It's early in the season, yes, but at some point along the way, a team adopts a persona. And right now, the only thing we know to expect about this team, is that we have no idea what to expect. Against Stanford, they could dominate the line of scrimmage and roll to a 28-10 point victory, or they could be completely stymied on offense and lose 35-7. Neither result would shock me.
What's more, in my heart of hearts, I don't think either result would shock Chris Petersen, either. The good news is that Washington hired one of the undisputed best coaches in the game; the bad news is that until he truly makes the program his own, there's every reason to believe that this kind of dysfunction will be par for the course.
Alex: Saturday's game against the Cardinal will be a good first test for Huskies. Though Stanford has won back-to-back Pac-12 championships, Washington has matched up well against them in the past few years. Two years ago on a Thursday night in Seattle, the Huskies' offense made a few timely explosive plays and the defense dominated the Cardinal offense leading to Josh Nunes' demise as quarterback and an upset victory for the Huskies. Last year on the Farm, the Huskies dominated the Cardinal on both sides of the ball but failed to come away with the victory due to several lapses on special teams.
Last year's game included many Huskies—Keith Price, Kevin Smith, Bishop Sankey, Austin Seferian-Jenkins and Sean Parker—who had played a lot of college football. Though the Huskies have a lot of game experience in its defensive front seven and its offensive line, there are a few positions—most notably in the secondary but also to a lesser extent in the offensive backfield—where players will be playing their first "big" college football game.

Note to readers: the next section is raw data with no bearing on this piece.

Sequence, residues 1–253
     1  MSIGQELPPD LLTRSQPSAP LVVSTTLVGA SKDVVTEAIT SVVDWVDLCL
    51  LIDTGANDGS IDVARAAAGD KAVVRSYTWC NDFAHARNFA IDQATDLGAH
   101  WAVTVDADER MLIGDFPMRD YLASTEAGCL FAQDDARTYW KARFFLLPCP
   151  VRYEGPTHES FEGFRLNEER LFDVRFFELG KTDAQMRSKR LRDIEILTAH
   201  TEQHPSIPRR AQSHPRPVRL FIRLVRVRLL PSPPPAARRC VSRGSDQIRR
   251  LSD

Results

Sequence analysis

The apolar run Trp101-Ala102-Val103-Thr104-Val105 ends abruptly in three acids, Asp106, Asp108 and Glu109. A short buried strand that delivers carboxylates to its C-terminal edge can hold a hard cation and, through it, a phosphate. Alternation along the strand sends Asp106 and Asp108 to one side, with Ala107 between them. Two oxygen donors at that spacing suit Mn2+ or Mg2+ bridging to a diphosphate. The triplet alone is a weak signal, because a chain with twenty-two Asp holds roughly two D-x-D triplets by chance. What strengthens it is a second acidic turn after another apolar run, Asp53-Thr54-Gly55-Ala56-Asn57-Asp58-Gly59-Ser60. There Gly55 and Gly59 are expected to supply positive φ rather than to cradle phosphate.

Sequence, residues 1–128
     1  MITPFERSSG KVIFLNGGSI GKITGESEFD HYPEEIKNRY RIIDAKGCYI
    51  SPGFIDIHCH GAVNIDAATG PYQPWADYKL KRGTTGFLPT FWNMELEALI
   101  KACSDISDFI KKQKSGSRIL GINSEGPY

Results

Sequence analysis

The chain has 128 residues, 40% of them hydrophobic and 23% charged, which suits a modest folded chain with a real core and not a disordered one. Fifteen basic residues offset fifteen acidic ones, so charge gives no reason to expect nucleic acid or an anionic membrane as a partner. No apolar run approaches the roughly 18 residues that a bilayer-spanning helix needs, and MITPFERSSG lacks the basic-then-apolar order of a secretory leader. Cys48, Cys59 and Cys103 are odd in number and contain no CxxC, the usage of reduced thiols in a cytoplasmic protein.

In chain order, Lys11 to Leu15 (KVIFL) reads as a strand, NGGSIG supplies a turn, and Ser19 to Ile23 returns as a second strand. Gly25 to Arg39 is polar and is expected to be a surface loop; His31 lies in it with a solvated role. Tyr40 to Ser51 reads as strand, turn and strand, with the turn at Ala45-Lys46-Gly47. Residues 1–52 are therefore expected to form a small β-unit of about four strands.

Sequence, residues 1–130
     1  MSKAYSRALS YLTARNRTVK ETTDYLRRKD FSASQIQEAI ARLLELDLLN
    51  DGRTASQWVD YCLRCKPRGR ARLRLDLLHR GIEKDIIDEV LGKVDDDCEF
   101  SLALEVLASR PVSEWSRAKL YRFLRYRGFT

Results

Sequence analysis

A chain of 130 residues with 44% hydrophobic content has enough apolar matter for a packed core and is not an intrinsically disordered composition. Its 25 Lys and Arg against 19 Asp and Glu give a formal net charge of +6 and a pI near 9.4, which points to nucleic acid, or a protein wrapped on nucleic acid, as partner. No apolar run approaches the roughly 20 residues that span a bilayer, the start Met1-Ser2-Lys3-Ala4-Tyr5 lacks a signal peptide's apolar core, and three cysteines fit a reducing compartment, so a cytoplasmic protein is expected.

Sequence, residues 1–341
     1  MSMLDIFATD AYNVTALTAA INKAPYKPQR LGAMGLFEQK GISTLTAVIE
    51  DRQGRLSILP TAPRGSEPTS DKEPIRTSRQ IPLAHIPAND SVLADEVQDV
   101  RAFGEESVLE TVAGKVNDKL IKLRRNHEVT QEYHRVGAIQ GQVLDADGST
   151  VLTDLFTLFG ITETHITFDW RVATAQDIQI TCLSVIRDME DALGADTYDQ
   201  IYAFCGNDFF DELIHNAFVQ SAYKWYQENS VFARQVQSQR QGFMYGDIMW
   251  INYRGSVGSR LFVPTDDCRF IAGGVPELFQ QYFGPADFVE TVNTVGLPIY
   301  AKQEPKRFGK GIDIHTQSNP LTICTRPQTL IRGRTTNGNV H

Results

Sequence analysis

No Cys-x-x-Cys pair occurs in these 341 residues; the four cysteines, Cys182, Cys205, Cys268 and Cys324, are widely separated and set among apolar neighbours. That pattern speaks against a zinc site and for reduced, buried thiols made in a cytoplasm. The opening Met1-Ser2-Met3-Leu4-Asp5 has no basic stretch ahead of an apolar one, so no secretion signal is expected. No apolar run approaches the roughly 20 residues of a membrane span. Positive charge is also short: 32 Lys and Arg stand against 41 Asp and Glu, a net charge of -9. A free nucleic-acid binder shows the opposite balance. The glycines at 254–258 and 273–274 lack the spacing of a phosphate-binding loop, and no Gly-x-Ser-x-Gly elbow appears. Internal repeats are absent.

Fortunately for the Dawgs, the game will be played in the friendly confines of Husky Stadium. David Shaw will try and prepare his team for the crowd noise. No matter what he does to prepare them for the noise, it will pale in comparison to reality—especially if the Huskies can manage to start fast. A fast start would go a long way to keeping the Husky fans in the game.
No matter how the game starts, it will be key that the Huskies maintain contact with the Cardinal. If the Cardinal builds a two-touchdown or greater lead, it will be tough—if not impossible—for the Huskies to recover and win. In a contest against a heavyweight, the Huskies will need to match the Cardinal punch for punch.
What else—besides a fast start and maintaining contact—is key for the Huskies to pull the upset?
Ryan: I think you hit the nail on the head in pointing out the need for Washington to get off to fast start. Ever since Stanford hired Jim Harbaugh and began the Cardinal's stunning turnaround from doormat to national power, Stanford has been a team that controls the tempo of a game by running the ball four to six yards at a time, all while steadily converting third downs and chewing up as much clock as humanly possible. This facet of their game is a double-edged sword—it makes Stanford absolutely deadly when protecting a lead, but also leaves the team susceptible to two-minute-drill situations when the team needs to score in a hurry. The Huskies need to take advantage of the benefits that come with playing on their own turf and create an early lead, since I simply have no faith in their ability to stage a big comeback against a top-20 opponent based on what we've seen from them so far this year.
The other aspect of their game that Washington needs to lock down is their special teams play. As I imagine anyone reading this already knows, UW beat Stanford soundly on offense and defense in last year's game at Palo Alto, but was absolutely torched in the kick return game. Limiting Ty Montgomery in particular from making the kinds of returns he did last year and giving the Cardinal unfavorable field position will go a long way toward keeping this game competitive.